Common Cold

Common Cold

What is a Cold

The common cold is a viral infection of the upper respiratory tract. There are over 200 different viruses that can cause a cold, but the most common one is the rhinovirus.


Symptoms of cold can vary depending on the strain of virus that caused it.

Some people even refer to their symptoms as more in the head (think, runny or stuffed nose), or more in the chest (like coughing); these are where the terms ‘head cold’ and ‘chest cold’ come from.

Common cold symptoms include:

  • Stuffed or runny nose
  • Sore throat
  • Sneezing
  • Coughing
  • Headache
  • Body aches
  • Mild tiredness or fatigue

Cold vs Flu

There is sometimes overlap between the symptoms of the cold and the flu, but in general flu symptoms are more severe than cold symptoms.

A mild to high fever, chills, and severe fatigue also separate the flu from the common cold.


There are over 200 different viruses that can cause the common cold, the most common one being the rhinovirus. Since colds are viral infections, they are highly contagious.

Can you catch a cold from being cold?

You can only get infected (catch a cold) from an infected person, so you cannot get infected simply by being in a cold environment.

That being said, the viruses that cause colds thrive in colder, less-humid weather; this is why colds are often caught during the colder months of the year.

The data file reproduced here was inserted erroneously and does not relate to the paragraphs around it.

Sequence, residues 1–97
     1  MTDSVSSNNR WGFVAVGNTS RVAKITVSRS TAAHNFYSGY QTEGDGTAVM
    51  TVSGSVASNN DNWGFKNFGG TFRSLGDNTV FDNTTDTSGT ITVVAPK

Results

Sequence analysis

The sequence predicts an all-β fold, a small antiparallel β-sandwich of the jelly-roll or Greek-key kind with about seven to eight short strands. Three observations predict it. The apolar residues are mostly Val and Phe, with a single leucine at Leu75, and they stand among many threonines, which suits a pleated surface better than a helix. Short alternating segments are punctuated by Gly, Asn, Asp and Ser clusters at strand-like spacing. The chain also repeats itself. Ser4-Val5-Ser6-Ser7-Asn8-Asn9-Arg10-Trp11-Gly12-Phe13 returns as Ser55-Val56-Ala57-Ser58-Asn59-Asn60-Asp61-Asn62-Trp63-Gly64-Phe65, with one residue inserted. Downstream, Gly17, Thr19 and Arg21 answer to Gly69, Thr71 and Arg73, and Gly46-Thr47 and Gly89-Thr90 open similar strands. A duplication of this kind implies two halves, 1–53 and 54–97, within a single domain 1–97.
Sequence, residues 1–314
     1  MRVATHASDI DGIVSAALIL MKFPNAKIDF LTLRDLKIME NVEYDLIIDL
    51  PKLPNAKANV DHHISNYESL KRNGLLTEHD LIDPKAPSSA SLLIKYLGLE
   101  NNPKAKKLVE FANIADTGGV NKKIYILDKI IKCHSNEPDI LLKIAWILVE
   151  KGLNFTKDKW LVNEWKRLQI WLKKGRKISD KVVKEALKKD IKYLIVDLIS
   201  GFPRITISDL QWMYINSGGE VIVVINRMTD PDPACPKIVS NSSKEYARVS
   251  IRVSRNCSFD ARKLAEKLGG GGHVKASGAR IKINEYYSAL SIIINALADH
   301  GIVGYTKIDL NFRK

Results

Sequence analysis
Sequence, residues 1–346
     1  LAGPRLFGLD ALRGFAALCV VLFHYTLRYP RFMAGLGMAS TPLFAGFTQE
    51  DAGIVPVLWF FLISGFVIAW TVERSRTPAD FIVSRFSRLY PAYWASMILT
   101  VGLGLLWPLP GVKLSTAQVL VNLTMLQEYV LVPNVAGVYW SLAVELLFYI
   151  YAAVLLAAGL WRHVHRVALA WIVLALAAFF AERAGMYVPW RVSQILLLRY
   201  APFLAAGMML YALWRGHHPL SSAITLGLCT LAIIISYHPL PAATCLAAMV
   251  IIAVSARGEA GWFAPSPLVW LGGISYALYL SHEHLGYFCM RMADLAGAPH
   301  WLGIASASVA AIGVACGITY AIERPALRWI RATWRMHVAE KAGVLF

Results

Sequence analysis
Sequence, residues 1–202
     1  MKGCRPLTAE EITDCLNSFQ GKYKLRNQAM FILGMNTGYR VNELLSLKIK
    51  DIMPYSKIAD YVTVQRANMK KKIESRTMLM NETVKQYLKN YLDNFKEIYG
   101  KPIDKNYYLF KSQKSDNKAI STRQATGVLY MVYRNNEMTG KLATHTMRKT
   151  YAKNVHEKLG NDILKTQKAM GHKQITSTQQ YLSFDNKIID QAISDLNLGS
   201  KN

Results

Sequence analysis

Since the cold is a viral infection, antibiotics won’t be effective at treating it. However, there are medications to help relieve congestion, sore throat, aches, and other cold symptoms.

For severe or persisting cold symptoms, speak to a doctor as soon as possible.

When to See a Medical Doctor

In most cases, a cold will clear up in about 7-10 days without the need for medical intervention. Although, if symptoms are particularly bad and relief is desired, a doctor can prescribe the appropriate medication.

However, depending on age, speaking to a doctor may become important.


Speak to a doctor if you experience:

  • A high fever
  • Fever for 5 days or more
  • Shortness of breath
  • Wheezing
  • Extremely sore throat
  • Severe headache or sinus pain


Parents should seek medical treatment for their child if they have:

  • Fever of 100.4 F (38 C) in newborns up to 12 weeks
  • Fever lasting more than 2 days
  • Symptoms persist, and don’t improve
  • Severe chough or headache
  • Wheezing
  • Ear pain
  • Extreme fussiness
  • Unexplained drowsiness
  • Loss of appetite